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McGrail signals ‘serious concerns’ over binge drug taking

McGrail signals ‘serious concerns’ over binge drug taking

Binge drug taking has become “commonplace” in Gibraltar, heightening concerns about a nightlife scene in which youngsters are increasingly exposed to “a potentially fatal cocktail” of hard drugs and alcohol.

The stark message came from Ian McGrail, the Commissioner of the Royal Gibraltar Police, during a wide-ranging and frank interview with the Chronicle after four months in the post.

Mr McGrail reflected on the tough law enforcement challenges facing the RGP and Gibraltar as a whole, including protecting this community from the threat of terrorism and bolstering the Rock’s capability to respond to the humanitarian migration crisis in this region.

But Mr McGrail’’s warning on the rampant drug scene in Gibraltar will ring alarm bells for authorities and prompt tougher measures at entry points.

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“The drugs scene in Gibraltar is not good,” he told the Chronicle.

“Whereas in the past people might go on a binge drinking session, nowadays it includes hard drugs.”

“Right now, MDMA [better known as ecstasy], cocaine and even ketamine are smacking us really hard in the face.”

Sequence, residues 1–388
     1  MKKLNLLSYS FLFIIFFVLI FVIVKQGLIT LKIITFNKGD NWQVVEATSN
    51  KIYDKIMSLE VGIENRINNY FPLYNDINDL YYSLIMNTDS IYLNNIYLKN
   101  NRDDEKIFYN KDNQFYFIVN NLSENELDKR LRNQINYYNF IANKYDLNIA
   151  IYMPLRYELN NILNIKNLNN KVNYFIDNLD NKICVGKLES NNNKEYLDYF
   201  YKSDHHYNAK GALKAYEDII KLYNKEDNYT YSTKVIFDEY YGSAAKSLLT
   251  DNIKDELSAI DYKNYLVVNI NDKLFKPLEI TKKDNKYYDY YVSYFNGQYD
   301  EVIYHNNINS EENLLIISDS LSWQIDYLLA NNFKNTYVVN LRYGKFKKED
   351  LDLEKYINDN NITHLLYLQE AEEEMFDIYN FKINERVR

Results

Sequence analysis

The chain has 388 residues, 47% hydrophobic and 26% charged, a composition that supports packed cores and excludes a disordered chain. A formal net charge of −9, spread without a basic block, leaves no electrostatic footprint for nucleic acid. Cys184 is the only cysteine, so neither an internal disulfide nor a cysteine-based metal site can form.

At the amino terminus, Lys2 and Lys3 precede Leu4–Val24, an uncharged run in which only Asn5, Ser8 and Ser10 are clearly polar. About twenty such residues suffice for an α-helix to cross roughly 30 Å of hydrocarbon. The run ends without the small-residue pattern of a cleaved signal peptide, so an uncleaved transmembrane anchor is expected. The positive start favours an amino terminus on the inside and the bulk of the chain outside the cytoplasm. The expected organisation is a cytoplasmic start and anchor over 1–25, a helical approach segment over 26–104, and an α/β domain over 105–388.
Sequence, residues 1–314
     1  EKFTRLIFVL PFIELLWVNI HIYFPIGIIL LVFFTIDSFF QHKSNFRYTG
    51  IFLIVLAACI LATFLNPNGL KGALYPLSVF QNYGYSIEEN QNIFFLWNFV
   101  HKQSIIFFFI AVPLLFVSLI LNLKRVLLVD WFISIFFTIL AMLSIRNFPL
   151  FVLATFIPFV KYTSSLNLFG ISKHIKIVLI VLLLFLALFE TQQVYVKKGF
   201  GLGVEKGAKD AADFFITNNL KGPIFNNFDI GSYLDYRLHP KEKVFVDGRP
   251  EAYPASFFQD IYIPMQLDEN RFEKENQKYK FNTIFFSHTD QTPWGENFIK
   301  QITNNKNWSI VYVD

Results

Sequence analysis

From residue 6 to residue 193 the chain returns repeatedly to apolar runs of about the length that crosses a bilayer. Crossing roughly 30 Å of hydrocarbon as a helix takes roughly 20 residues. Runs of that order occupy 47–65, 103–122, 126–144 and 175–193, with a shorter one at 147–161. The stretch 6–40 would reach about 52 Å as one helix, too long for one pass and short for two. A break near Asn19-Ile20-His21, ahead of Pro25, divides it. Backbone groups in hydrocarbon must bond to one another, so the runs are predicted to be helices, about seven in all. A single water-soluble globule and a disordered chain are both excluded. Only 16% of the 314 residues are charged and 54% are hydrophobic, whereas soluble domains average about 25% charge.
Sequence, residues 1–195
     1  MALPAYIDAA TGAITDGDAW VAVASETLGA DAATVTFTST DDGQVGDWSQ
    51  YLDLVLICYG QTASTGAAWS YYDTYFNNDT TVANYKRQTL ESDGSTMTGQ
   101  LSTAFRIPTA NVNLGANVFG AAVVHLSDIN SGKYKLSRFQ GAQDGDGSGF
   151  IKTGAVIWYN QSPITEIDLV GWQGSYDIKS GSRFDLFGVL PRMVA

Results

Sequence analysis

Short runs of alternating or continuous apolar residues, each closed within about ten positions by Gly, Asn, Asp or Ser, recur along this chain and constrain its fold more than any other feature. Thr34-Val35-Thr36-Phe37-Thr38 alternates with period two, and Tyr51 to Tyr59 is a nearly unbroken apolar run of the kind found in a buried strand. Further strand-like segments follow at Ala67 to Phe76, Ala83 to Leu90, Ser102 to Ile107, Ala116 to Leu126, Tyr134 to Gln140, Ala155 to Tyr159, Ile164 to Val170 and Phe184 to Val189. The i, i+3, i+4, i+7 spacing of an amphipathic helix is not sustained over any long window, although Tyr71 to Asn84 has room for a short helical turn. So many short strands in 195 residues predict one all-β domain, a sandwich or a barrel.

“It’s not just that it’s against the law, it brings on public safety concerns.”

“And if you start mixing alcohol and hard drugs, it’s a potentially fatal cocktail.”

“We’re talking about youths here, 17 and 18 year old people, and therefore I’ve got serious concerns.”

Mr McGrail said the drugs problem was not just a criminal issue but, at its core, a public health problem that should be tackled holistically through a multi-agency approach designed, wherever possible, to help users escape from a cycle of drugs and criminality.

But he spoke too of the “free availability” of drugs in Gibraltar and said more needed to be done to control the entry points and detect those who are smuggling illicit substances for local consumption.

“These drugs are imported into Gibraltar, they come through our entry points,” Mr McGrail said.

Gibraltar is a small community and police and other law enforcement agencies have a good idea who the local suppliers are.

But in the digital age, dealers are increasingly hard to corner without specialist tools and the legislation to use them.

FULL STORY IN OUR PRINT AND E-EDITIONS

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Brian Reyes
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